The rain makes today’s Jubilee celebrations a truly British event. We didn’t want any of this continental sun, anyway. The flotilla is making its way through the drizzle, and as we have to celebrate indoors due to the weather then there’s the perfect accompaniment: the new Spectator double issue, out today, which is overflowing with holiday reading.
We have Robert Hardman saying how – policing aside – the bill for these four days of celebrations has been £1 million which works out as half an Olympic volleyball pitch. The queen is remarkable value. At my church this morning, we heard from a parishioner a little older than the Queen who was involved in making the dress for her coronation. The weather that day was just like this, she said, and they were still on food stamps, celebrating with the thinnest of resources. That’s the power of monarchy. As Robert says, the remote and overbearing Olympics chiefs could learn a thing or two from the queen.
Joan Collins, who has written &”The Queen and I” about their various encounters over the years. Sinclair McKay recalls the joy of being ten during the golden summer of 1977. Clarissa Tan remarks on the queen’s staggering appeal (you can bet that peoples all over the world have a severe case of queen envy right now. And countries that do have monarchies will look on in amazement at the two distinguishing features of ours: it sheer splendour, and its mass popular appeal).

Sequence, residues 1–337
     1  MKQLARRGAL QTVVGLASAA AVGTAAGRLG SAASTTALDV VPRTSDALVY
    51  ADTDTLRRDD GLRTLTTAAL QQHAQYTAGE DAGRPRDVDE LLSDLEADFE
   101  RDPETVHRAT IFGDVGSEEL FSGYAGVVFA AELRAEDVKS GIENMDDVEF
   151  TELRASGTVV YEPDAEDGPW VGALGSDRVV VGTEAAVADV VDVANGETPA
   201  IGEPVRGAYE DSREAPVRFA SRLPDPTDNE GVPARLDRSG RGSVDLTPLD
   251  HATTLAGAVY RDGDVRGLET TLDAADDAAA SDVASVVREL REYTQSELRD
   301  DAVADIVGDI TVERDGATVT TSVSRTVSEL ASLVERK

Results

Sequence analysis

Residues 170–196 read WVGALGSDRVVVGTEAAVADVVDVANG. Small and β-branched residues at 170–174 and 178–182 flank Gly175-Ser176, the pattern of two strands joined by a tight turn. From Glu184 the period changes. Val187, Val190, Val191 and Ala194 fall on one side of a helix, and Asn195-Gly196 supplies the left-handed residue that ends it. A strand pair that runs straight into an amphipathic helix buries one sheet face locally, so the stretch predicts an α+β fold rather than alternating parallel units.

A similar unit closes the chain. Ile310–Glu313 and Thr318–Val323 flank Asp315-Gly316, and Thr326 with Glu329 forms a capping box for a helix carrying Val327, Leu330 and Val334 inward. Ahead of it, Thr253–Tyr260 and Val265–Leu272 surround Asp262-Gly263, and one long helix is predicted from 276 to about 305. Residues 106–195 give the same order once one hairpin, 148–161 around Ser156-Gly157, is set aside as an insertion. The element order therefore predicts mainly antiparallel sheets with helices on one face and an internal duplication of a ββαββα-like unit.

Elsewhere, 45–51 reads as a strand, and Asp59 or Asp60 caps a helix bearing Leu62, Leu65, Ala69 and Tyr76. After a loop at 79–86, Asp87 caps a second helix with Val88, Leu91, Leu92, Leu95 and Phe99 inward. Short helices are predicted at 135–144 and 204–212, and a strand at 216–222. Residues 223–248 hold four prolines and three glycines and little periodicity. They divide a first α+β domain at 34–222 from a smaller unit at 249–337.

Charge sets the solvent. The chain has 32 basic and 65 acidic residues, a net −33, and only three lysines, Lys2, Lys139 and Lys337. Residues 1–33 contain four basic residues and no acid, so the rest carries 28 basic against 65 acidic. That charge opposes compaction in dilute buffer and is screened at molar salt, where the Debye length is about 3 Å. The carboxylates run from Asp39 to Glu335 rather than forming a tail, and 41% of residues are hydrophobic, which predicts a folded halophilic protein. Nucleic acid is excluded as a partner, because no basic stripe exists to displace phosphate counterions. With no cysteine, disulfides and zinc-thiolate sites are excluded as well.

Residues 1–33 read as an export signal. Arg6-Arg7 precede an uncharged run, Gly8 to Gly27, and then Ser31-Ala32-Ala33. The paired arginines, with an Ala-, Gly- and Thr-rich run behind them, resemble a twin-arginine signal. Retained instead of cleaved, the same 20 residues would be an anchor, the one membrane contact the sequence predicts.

You may as well read The Spectator because, as Simon Hoggart says, there’s nowt on TV. But it’s not all crowns and sceptres in the Spectator this week. Each of our regular columnists has written a piece to savour, and there are a range of erudite books and arts reviews to read, with contributions by A.N. Wilson, Nicky Haslam and Deborah Ross. In addition to those pieces, Melissa Kite reports that her sleepy corner of Surrey has been shaken by the Oligarchic chop of helicopters. Andrew Roberts names and shames those MPs who tweet the inane dramas of their everyday lives from the dignity of the Commons chamber. James Forsyth reveals that the government is preparing for a summer of discontent. Gabrielle Donnelly meets the actress Emily Blunt. Peter Oborne sends a dispatch from the frontline of Libya’s continuing conflict. Paulo Coehlo speaks of his brush with death. Rory Sutherland has a novel idea about reforming the EU: splitting it between those countries that subtitle English language TV and those that dub it. It’s stretching the definition of Anglosphere a little, but unlike most schemes you hear from Europe, this makes plenty of sense.
Subscribers, all this awaits you. Non-subscribers: try us free for two weeks on Kindle, buy a copy on the iPad or do pick up the 100-page edition for £3.95 in the shops. It really is the perfect antidote to this weather.